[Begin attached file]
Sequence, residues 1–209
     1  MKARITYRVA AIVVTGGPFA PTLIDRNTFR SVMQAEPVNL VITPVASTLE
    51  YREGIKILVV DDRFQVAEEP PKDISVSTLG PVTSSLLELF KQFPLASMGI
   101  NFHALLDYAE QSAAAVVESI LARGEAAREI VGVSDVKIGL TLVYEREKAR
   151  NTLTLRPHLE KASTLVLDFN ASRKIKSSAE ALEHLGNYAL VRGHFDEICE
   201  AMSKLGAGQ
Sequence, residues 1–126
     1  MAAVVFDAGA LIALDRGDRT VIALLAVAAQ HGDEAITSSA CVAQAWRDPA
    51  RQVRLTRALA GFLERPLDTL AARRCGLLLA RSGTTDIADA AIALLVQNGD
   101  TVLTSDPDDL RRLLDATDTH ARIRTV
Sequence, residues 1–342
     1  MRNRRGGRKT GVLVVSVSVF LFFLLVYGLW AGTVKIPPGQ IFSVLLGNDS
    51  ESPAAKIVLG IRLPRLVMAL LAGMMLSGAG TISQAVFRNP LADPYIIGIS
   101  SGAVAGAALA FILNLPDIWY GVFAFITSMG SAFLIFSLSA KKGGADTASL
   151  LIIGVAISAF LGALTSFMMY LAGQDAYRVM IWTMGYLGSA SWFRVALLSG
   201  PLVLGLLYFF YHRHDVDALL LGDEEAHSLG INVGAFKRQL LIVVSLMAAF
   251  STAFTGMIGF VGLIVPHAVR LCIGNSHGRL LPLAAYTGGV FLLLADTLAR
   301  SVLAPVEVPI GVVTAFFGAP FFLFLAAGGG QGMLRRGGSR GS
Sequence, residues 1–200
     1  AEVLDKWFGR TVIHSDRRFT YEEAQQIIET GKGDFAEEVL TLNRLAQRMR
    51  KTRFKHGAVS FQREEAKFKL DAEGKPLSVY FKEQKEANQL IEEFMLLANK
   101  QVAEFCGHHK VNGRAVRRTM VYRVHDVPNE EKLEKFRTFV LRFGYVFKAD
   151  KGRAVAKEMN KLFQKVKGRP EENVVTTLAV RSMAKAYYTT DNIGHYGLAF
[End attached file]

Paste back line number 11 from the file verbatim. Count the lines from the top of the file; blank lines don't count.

Sequence, residues 1–342